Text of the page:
The Crusader Newspaper Group

Friday flight cancellations top 3,700, disrupting holiday travel

By Forrest Brown and Karla Cripps, CNN

Winter weather continues to disrupt holiday travel across the United States on Friday, leaving travelers facing delays and cancellations during one of the busiest times of the year.

More than 3,700 Friday flights have already been canceled as of 11 a.m. ET, after nearly 2,700 cancellations on Thursday, according to flight tracking site FlightAware.

Thursday’s cancellations represented about 11% of US-based carriers’ scheduled flights, according to FlightAware, with nearly half of flights delayed on Thursday.

Cancellations are highest Friday at Seattle-Tacoma International Airport, New York’s LaGuardia and in Chicago, according to FlightAware data.

The Federal Aviation Administration posted ground stops Friday morning for flights bound for Charlotte Douglas International Airport in North Carolina, American Airlines’ second largest hub, and Reagan National Airport near Washington, DC due to deicing.

In the Pacific Northwest, FAA notices showed flights bound to Seattle-Tacoma International Airport and Portland International Airport were also under ground stops Friday morning due to snow and ice.

Enter your email to sign up for the CNN Travel newsletter.

The FAA says the major air pressure changes associated with this storm will trigger high winds at airports from Boston down to Atlanta.

Airports in Chicago and Denver saw the bulk of cancellations and delays on Thursday. Chicago O’Hare International Airport was logging average delays Thursday of almost three hours due to snow and ice.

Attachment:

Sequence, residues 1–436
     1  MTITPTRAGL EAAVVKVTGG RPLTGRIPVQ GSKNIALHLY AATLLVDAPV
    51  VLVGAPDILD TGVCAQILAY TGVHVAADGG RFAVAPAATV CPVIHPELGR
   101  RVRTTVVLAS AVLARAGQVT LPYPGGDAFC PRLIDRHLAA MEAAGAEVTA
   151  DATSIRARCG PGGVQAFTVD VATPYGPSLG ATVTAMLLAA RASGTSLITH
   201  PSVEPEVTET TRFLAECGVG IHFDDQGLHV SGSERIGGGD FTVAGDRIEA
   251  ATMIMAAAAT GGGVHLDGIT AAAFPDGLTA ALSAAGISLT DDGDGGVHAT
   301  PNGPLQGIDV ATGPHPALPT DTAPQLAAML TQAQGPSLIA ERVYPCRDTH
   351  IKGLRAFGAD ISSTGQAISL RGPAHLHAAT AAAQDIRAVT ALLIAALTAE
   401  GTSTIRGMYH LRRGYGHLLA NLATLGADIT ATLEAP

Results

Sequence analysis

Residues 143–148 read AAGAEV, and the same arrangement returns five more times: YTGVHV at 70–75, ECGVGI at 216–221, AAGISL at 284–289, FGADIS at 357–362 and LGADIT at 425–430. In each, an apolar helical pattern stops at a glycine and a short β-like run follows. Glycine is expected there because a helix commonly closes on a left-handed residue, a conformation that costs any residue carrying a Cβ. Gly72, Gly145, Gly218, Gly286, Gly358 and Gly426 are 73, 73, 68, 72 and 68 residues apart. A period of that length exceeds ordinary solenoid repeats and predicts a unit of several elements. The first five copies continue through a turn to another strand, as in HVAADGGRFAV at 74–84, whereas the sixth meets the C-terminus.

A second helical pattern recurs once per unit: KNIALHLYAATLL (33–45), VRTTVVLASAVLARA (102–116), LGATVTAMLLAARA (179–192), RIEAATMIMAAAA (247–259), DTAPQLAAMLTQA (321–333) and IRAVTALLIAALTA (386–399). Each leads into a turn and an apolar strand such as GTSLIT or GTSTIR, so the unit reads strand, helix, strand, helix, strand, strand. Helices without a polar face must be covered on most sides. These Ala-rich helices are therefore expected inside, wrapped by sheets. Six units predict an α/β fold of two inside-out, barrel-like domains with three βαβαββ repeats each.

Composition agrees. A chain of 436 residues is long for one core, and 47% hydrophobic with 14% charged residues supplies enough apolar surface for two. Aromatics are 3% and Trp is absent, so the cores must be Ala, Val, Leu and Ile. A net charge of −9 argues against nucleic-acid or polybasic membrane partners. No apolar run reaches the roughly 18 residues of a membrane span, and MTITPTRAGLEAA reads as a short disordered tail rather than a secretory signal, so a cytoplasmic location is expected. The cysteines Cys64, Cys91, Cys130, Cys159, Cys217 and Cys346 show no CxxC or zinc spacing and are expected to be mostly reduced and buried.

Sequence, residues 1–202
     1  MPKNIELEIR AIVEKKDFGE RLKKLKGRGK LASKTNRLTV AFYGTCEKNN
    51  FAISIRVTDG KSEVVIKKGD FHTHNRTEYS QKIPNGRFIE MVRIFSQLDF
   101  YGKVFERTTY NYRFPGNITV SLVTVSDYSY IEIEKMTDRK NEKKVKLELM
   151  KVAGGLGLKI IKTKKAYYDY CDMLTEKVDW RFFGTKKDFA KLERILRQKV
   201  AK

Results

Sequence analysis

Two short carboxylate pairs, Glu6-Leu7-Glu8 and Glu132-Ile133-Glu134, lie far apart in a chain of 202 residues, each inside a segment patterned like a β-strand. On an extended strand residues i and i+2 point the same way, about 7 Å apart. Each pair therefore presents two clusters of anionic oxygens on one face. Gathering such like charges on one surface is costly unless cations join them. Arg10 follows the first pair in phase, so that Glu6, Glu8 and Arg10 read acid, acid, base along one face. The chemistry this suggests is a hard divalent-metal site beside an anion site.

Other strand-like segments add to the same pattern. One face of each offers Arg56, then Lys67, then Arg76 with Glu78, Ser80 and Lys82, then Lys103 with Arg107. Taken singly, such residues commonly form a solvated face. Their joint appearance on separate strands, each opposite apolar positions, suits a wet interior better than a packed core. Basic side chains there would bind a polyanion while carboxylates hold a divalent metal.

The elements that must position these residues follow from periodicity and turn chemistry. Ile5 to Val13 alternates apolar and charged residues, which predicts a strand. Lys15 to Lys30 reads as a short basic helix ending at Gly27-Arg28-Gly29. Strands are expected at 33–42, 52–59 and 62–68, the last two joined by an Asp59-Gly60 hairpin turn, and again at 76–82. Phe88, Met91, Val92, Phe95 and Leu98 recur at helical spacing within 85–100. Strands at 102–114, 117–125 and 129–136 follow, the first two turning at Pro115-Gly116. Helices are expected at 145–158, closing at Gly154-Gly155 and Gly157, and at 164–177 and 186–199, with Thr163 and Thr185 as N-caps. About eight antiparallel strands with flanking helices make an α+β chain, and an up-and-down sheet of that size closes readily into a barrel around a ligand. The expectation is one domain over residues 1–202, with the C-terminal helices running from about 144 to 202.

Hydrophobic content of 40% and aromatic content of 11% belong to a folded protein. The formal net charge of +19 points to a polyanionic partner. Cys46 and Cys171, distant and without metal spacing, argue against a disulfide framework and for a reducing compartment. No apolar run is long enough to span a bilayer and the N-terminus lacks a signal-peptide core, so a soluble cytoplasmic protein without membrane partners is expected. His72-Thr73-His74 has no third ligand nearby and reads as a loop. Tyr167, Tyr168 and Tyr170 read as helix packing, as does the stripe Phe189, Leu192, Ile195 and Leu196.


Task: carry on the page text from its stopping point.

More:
An arctic blast and a rapidly intensifying winter storm have come at an unfortunate time for travelers trying to join family and friends for the holidays.

Airlines have issued winter weather waivers allowing passengers to rebook at no cost within a limited time period. Find links to the airline waivers and more air travel strategies here.

The growing cancellations make it harder for passengers racing against the clock and weather to rebook and arrive in time for Christmas. Flights this year were already more crowded than they’ve been previously — even before the storm disrupted travel schedules.

“We hear about how travel volume is still down, five or ten percent, but what many folks might not have realized is that the number of flights in the sky is actually down more like 15 or 20 percent,” Scott Keyes of Scott’s Cheap Flights told CNN.

“The planes that are actually flying are more full today than they were pre-pandemic. That’s why there’s not as many empty seats to switch onto if you do find your flight gets canceled or delayed,” Keyes said.

Train and bus service hit, too

Amtrak has also been forced to delay or cancel passenger service for some lines in the Midwest and Northeast.

Click here for details about rail service disruptions.

In its notice, Amtrak said “customers with reservations on trains that are being modified will typically be accommodated on trains with similar departure times or another day.

“Amtrak will waive additional charges for customers looking to change their reservation during the modified schedule by calling our reservation center at 1-800-USA-RAIL.”

Meanwhile Greyhound, the largest provider of intercity bus service, issued a service alert Thursday evening indicating that trips in the Midwest or upper Northeast may be canceled or disrupted.

In its alert posted here, the company lists nearly 20 cities as among those impacted. It advised passengers to check for the latest information about specific journeys.

Greyhound said riders can call 1-833-233-8507 to reschedule.

Winter weather is also impacting the services of regional intercity bus company Jefferson Lines, which operates in 14 states.

In an alert posted on its website, the company nearly 30 routes have been canceled for Friday, with a few cancellations listed on Saturday and Sunday. Cities impacted by the cancellations include Milwaukee, Minneapolis, Duluth and Kansas City.

Affected travelers can consult the Bus Tracker or call 1-858-800-8898.

This article originally appeared on CNN.

Recent News

Scroll to Top